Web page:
Wednesday, March 02, 2016
The Bee-Friendly Garden: Design an Abundant, Flower-Filled Yard that Nurtures Bees and Supports Biodiversity by Kate Frey Review
For every gardener who cares about the planet, this guide to designing a bee garden helps you create a stunningly colorful, vibrant, healthy habitat that attracts both honeybees and native bees.
In The Bee-Friendly Garden, award-winning garden designer Kate Frey and bee expert Gretchen LeBuhn provide everything you need to know to create a dazzling garden that helps both the threatened honeybee and our own native bees. No matter how small or large your space, and regardless of whether you live in the city, suburbs, or country, just a few simple changes to your garden can fight the effects of colony collapse disorder and the worldwide decline in bee population that threatens our global food chain. There are many personal benefits of having a bee garden as well! Bee gardens:
· contain a gorgeous variety of flowers
· bloom continuously throughout the seasons
· are organic, pesticide-free, and ecologically sustainable
· develop healthy and fertile soil
· attract birds, butterflies, and other beneficial insects
· increase the quantity of your fruit and vegetable harvest
· improve the quality, flavor, and size of your produce
Illustrated with spectacular full-color photos, The Bee-Friendly Garden debunks myths about bees, explains seasonal flower progression, and provides detailed instructions for nest boxes and water features. From “super blooming” flowers to regional plant lists and plants to avoid, The Bee-Friendly Garden is an essential tool for every gardener who cares about the planet and wants to make their yard a welcoming habitat for nature’s most productive pollinator.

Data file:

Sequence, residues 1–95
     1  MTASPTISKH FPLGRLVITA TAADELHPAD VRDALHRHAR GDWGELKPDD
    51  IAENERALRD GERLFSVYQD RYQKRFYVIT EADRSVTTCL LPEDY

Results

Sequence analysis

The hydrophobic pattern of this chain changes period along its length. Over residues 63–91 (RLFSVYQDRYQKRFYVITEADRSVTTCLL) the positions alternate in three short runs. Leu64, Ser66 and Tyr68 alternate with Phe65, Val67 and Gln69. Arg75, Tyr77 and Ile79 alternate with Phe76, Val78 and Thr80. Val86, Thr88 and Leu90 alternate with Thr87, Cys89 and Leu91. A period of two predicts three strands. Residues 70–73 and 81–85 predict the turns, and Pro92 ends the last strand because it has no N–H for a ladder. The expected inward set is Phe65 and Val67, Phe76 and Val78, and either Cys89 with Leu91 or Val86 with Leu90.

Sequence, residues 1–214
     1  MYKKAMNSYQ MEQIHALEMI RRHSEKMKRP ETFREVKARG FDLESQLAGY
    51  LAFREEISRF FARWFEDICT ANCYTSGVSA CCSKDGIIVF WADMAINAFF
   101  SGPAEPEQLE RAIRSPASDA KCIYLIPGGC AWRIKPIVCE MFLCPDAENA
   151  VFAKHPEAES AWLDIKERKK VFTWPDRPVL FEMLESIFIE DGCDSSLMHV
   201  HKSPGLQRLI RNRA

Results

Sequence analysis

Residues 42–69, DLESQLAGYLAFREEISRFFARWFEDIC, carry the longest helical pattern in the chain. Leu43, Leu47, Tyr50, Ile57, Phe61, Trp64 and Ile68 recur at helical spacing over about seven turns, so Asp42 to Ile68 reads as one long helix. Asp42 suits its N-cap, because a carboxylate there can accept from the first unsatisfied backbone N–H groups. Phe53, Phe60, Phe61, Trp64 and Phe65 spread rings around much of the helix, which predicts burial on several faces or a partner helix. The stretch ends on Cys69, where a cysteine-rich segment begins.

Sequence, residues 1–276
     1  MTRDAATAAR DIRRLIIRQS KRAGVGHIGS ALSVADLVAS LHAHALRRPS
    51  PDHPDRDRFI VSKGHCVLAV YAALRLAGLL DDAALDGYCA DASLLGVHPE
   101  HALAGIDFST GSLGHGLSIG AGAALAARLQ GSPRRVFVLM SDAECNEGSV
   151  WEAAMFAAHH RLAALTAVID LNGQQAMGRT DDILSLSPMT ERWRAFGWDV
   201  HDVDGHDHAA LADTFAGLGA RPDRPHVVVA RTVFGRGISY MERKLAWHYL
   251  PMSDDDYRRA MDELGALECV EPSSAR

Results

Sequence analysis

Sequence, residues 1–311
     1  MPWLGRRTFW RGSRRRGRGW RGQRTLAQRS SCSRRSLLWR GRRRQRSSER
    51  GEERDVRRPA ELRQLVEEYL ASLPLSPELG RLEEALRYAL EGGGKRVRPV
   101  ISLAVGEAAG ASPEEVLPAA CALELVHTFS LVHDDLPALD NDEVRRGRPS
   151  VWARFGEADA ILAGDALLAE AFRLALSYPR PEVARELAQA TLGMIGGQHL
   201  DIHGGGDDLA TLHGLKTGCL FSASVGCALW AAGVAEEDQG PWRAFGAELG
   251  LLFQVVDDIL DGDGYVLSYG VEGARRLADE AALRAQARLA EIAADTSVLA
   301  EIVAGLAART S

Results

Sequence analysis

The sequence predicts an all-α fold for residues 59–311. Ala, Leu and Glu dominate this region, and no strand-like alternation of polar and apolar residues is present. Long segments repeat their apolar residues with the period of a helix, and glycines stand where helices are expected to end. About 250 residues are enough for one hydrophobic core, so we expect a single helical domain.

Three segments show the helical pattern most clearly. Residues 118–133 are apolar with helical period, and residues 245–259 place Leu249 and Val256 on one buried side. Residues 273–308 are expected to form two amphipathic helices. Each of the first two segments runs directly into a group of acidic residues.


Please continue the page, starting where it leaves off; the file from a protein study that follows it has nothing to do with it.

You can purchase this book on Amazon.
I recevied a complimentary copy.
Cassandra's review- I took a little longer to review this book because of all the information included, it was not very easy to get through. After a few sittings and taking time to show and teach the kids as well, I am now more familiar with bees and how they work. There seems to be a lot of wildflowers that attract them. I have a child that is seriously allergic to bee stings, so this is also a good reference for what not to place in certain areas around my home.
Posted by Cassandra McCann